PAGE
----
A version of this story on “American Crime” first appeared in the print edition of TheWrap Magazine’s Miniseries/Movies Emmy Issue.
Initially, I didn’t think it through very well,” said John Ridley with a laugh. The creator and producer of the ABC anthology series “American Crime” was thinking back to the planning stages of his show’s second season, which he decided should focus on the aftermath of a sexual assault at a high school whose parents and staff were played by the formidable likes of Felicity Huffman, Timothy Hutton, Lili Taylor, Regina King, Hope Davis, Andre Benjamin and others.
“I had the idea of taking a big chunk of the storytelling, very mature storytelling, and putting it on young people,” he said. “And then I lined them up opposite some of the best talent around — Oscar winners, Emmy winners, Grammy winners, Tony nominees.”
He ended up with actors in their late teens and early 20s, and shipped them all down to the set in Austin for months of shooting. “It was a lot to put on them, especially after putting them in a new environment, away from their normal support structure,” said the Oscar-winning screenwriter of “12 Years a Slave,” whose series landed 10 Emmy nominations (and a win for Regina King) in its first season. “I had high expectations, and every one of those folks delivered.”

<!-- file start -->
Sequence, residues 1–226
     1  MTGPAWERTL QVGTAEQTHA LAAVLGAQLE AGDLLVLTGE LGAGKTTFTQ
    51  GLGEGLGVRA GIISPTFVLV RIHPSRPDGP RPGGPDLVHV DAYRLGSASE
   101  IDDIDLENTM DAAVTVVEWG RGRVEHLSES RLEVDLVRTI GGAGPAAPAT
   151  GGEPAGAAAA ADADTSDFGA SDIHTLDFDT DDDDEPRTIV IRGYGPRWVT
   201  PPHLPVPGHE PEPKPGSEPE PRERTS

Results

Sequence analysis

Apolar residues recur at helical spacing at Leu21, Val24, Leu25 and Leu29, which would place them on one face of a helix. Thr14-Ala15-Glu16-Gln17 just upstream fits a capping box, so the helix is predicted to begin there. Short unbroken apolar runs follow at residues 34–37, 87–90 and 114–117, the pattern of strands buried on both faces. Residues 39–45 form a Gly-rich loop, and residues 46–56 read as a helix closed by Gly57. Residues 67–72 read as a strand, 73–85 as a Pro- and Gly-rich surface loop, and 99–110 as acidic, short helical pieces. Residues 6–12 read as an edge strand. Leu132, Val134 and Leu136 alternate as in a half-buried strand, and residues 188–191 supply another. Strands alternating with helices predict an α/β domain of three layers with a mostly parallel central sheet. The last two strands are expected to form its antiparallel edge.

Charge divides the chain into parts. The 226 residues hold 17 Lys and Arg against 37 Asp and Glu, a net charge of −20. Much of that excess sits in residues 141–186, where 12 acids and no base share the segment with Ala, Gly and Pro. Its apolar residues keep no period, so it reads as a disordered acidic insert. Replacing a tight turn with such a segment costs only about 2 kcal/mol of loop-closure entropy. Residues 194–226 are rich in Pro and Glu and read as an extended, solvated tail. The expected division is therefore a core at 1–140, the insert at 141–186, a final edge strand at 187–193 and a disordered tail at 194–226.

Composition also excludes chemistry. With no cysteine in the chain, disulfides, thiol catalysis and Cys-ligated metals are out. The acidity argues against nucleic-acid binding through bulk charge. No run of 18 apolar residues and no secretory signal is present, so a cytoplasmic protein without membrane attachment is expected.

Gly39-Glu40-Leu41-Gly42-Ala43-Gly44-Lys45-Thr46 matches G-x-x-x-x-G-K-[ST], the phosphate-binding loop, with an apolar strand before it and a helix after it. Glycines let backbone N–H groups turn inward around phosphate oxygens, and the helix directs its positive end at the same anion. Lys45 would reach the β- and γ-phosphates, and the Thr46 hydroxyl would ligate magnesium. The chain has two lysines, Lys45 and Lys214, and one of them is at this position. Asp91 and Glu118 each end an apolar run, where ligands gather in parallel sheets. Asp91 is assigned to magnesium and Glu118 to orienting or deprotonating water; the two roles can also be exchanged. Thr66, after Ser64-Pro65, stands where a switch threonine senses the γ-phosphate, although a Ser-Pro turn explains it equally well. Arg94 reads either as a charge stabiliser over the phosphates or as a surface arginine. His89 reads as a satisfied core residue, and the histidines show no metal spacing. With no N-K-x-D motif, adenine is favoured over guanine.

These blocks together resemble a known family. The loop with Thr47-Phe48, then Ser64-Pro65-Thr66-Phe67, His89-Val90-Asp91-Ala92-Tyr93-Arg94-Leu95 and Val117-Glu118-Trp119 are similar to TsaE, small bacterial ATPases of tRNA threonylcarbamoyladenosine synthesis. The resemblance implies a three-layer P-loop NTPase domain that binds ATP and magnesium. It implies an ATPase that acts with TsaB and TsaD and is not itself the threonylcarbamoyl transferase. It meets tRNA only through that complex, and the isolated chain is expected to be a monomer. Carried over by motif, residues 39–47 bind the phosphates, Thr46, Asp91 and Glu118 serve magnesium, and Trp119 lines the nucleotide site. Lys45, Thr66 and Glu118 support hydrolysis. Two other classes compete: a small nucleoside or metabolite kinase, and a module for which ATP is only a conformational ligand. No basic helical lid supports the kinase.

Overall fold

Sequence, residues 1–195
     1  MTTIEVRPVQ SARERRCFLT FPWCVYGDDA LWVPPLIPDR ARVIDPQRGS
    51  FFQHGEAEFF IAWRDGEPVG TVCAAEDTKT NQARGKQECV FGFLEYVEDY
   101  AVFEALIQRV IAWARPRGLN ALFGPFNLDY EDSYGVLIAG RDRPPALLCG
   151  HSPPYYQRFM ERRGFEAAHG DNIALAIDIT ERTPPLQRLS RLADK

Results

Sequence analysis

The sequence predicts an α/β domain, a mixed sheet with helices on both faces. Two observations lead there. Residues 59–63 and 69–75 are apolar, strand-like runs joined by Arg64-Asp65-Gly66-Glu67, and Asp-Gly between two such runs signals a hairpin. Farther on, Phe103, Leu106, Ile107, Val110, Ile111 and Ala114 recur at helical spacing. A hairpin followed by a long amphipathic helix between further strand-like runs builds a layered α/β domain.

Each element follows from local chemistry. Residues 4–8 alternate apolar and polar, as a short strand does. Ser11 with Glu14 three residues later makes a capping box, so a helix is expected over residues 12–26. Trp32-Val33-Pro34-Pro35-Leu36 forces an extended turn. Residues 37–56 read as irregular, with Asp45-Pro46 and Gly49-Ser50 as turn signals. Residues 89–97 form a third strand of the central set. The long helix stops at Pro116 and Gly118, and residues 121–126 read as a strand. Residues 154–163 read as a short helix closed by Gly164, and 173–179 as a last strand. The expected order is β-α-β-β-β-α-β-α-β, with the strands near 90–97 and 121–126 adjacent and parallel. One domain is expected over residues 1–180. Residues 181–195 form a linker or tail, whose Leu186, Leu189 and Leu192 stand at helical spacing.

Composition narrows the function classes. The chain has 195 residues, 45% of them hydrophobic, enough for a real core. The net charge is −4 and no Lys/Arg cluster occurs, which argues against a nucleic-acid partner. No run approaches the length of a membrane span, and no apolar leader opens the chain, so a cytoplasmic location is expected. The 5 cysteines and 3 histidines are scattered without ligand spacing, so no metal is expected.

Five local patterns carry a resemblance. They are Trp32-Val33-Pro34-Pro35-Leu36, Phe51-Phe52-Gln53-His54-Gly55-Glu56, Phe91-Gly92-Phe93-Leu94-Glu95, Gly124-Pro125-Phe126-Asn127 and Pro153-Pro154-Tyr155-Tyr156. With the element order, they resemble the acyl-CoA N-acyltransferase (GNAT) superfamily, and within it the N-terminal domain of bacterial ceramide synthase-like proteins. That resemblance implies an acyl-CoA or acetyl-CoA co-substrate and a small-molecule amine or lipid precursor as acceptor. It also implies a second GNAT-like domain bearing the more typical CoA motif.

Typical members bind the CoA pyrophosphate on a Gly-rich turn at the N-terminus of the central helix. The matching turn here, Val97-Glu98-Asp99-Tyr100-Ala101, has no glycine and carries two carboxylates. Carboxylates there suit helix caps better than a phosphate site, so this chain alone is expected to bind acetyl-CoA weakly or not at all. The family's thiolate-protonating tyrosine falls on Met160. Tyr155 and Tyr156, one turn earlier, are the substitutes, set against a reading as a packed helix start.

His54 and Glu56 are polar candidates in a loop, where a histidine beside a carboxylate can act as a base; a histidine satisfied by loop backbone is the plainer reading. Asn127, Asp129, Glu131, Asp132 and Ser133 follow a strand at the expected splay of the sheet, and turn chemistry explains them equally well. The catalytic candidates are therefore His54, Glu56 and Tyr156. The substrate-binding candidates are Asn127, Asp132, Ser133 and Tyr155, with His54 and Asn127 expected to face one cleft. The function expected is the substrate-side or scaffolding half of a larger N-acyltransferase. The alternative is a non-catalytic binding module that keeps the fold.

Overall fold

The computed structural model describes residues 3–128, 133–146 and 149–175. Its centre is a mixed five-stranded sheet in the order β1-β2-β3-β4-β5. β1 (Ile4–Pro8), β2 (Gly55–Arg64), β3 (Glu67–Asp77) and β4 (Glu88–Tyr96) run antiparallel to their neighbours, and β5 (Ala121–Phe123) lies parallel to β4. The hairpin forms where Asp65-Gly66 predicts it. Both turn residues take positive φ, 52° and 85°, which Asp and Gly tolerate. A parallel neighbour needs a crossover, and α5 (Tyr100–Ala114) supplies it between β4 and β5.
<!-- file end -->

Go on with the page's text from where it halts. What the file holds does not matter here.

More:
Ridley’s show, one of the boldest and most daring on broadcast network television, shifted its setting in Season 2 from Northern California to Indianapolis, and its subject matter from racial tensions to sexual identity, with the first season’s class conflicts also thrown in. In the first episode, Taylor Blaine (Connor Jessup) confides to his mother (Taylor) that he was sexually assaulted by a member of the basketball team at a team party; the other boy, Eric Tanner (Joey Pollari) says the alcohol-fueled encounter was consensual, but the repercussions make both boys outcasts and threaten to bring down the private school’s administration, headed by Leslie Graham (Huffman), and its basketball coach, Dan Sullivan (Hutton).